The importance of provenance: a Roman votive hand from Lincolnshire

It is an all too common fallacy that archaeology is the search for objects. It isn’t. It’s the search for information about the past, of which objects are but one facet. Where an object is found is of paramount importance if it is to tell us all it can about its original function and social context. I was therefore saddened to come across a link today to an unusual Roman object from Lincolnshire being sold on a website with only the vaguest of provenances. Continue reading

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Offerings for the smith god? Vulcan finger rings from Lincolnshire

Of all of the depictions of deities from Roman Britain, finger ring intaglios offer some of the greatest variety, but are also perhaps the easiest to overlook. These miniature works of art were extremely portable, cost effective to trade across large distances, but also easy to lose. The distribution of their findspots has therefore not typically been seen as a reliable indicator of the spread of religious belief. After all, a finger ring could easily slip off the finger while working, or as seems to have been the case at the baths at Caerleon, hot water could make the intaglio come loose from the ring itself. Apart from where they are discovered in a specifically religious context (for example the quantities found at Bath), the find of an intaglio depicting a specific deity cannot automatically be said to represent the worship of that deity in that vicinity, or even that the original wearer particularly venerated that deity. Continue reading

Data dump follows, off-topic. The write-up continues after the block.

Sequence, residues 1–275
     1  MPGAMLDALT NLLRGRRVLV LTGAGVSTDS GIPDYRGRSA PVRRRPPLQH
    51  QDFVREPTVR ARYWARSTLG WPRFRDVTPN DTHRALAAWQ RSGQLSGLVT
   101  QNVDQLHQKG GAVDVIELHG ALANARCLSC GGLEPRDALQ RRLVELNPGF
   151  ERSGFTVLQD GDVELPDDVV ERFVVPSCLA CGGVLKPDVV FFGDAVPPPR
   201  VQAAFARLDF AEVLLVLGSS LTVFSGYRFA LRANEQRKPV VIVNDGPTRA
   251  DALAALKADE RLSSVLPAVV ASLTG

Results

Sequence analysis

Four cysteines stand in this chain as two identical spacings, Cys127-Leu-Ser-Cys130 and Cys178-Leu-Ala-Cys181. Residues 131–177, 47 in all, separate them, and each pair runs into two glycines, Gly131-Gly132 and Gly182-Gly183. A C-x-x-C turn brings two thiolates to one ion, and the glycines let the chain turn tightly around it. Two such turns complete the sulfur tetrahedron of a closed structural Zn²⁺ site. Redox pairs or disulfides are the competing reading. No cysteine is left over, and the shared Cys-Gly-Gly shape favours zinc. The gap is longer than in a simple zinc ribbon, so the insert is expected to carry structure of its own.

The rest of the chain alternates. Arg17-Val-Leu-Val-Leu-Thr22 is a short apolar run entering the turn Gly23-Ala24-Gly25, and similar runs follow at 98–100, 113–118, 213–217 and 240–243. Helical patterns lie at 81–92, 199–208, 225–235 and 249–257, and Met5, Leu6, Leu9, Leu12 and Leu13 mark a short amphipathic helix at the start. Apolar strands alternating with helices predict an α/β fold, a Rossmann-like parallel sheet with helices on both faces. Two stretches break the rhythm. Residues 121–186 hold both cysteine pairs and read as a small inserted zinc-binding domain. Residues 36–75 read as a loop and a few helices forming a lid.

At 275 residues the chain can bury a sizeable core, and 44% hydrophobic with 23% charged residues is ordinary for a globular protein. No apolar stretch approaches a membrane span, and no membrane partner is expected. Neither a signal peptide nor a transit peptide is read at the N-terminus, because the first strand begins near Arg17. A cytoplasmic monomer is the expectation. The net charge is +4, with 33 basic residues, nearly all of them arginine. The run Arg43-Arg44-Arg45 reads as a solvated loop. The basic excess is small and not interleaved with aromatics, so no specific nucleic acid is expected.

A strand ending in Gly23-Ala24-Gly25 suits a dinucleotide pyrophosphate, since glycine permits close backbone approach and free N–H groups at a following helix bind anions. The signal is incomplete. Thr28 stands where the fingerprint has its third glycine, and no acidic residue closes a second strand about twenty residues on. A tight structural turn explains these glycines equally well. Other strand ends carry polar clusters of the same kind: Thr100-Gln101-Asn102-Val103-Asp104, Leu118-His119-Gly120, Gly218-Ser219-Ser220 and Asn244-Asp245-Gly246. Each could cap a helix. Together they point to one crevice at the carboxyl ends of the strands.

Media coverage of the Lincoln Eastern bypass excavations

I posted a little piece a few weeks ago on the discoveries at the ongoing excavations for Lincoln’s new Eastern bypass (read it here). I don’t remember noticing the local media covering it at the time, but it seems they have just caught on, so I thought I’d post links to their online articles here. Continue reading

Decapitation, infanticide, votive deposition and magical protection: infant burials in Roman Lincoln

Infant burials are some of the most emotive remains encountered in archaeology. The discovery of any ancient human remains can be an emotional, even profound, experience, and the remains of very young children particularly so. Nevertheless, with high infant mortality in the ancient world, the burial of stillborns and children who died in the days and weeks after birth was a common reality. How the burial of these unfortunate youngsters differed from the burial practices associated with older children and adults can tell us much about social relationships and religious belief. Continue reading